Converting from Grams to Moles
The gram formula mass of a compound (or element) can be defined as the mass
of one mole of the compound. As the definition suggests, it is measured in
grams/mole and is found by summing the
atomic weights
of every atom in the compound.
Atomic weights on the periodic table are given in terms of amu (atomic mass
units), but, by design, amu correspond to the gram formula mass. In other
words, a mole of a 12 amu carbon atom will weigh 12 grams.
The gram formula mass can be used as a conversion factor in stoichiometric
calculations through the following equation:
Moles = 

Gram formula mass is also known as GFM. You may also see the term gram
molecular mass, abbreviated GMM. This term is often used instead of GFM when
the substance is molecular and not ionic. However, only the terminology is
different, GMM is used in the same way as GFM. Therefore, I will use the catch
all term GFM in this study guide.
Converting between Volume of a Gas and Moles
The Ideal Gas law, discussed at length in the
Sparknote on Gases, provides a handy means of converting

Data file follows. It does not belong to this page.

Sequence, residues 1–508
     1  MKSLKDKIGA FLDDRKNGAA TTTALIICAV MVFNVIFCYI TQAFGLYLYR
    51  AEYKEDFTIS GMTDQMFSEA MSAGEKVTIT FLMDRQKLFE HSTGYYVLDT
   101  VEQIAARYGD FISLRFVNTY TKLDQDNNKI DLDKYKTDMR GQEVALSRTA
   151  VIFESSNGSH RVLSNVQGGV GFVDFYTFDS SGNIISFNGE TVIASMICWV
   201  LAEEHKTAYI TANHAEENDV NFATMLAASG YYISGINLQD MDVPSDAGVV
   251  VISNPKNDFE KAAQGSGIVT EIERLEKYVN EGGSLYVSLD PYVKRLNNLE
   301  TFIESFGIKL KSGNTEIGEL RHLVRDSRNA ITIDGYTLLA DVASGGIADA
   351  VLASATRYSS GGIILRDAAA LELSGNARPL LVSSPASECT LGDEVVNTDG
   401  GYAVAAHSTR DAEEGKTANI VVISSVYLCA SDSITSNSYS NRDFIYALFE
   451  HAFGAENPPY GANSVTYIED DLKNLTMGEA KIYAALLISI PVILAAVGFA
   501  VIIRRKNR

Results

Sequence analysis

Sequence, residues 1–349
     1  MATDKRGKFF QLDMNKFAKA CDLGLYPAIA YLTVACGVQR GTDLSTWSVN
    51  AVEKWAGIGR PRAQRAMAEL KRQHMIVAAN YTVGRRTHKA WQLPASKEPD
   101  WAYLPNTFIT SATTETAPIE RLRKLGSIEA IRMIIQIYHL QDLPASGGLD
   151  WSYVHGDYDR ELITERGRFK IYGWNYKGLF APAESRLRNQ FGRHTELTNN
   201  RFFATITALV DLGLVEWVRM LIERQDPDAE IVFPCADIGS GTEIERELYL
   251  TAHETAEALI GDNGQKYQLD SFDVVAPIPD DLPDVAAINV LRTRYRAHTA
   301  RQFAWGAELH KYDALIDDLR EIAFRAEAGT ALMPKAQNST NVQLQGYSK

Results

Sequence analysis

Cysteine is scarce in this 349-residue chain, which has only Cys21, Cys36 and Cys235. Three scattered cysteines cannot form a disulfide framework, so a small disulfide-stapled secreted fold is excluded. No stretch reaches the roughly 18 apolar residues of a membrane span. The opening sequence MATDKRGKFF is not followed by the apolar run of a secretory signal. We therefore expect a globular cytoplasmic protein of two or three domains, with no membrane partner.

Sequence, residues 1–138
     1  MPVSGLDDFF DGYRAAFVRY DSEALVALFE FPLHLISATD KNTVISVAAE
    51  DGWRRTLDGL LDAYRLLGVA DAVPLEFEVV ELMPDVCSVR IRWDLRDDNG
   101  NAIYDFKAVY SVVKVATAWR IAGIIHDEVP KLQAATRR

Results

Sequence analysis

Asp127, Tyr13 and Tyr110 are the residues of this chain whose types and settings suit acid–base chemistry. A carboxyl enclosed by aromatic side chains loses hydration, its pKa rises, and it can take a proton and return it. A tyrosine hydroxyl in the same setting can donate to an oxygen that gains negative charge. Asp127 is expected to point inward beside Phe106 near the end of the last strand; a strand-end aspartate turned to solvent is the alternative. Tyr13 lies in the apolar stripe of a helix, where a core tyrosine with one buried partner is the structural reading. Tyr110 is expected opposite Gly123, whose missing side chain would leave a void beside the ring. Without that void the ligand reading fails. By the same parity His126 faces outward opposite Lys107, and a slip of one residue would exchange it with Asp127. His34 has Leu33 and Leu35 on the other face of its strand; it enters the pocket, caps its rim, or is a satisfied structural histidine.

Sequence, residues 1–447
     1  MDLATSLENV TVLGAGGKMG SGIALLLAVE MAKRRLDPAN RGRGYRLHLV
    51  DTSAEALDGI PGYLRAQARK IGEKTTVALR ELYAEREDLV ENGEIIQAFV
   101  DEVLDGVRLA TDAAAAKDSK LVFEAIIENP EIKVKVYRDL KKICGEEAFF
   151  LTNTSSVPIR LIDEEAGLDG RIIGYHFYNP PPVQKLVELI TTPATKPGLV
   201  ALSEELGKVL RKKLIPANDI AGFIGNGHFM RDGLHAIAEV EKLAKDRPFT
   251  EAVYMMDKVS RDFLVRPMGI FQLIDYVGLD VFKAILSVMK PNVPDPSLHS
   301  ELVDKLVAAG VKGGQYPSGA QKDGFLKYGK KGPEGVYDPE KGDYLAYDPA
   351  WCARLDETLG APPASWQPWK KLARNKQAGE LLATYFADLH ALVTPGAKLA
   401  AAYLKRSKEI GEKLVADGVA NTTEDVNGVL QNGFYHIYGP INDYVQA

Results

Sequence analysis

between moles and a gas, provided you know certain qualities of that gas. The
Ideal Gas Law is PV = nRT, with n representing the number of moles. If we
rearrange the equation to solve for n, we get:
n = 

with
P representing pressure in atm,
V representing volume in liters,
T
representing temperature in Kelvins, and
R the gas constant, which equals .0821
Latm/molK. Given
P,
V, and
T, you can calculate the number of moles of
substance in a gas.
In those instances when a problem specifies that the calculations are to be made
at STP (Standard Temperature and Pressure; P = 1 atm, T = 273 K)), the
problem becomes even simpler. At STP, a mole of gas will always occupy 22.4 L
of volume. If you are given a volume of a gas at STP, you can calculate the
moles in that gas by calculating the volume you are given as a fraction of 22.4
L. At STP, 11.2 L of a gas will be .5 moles; 89.6 L of gas will be 4 moles.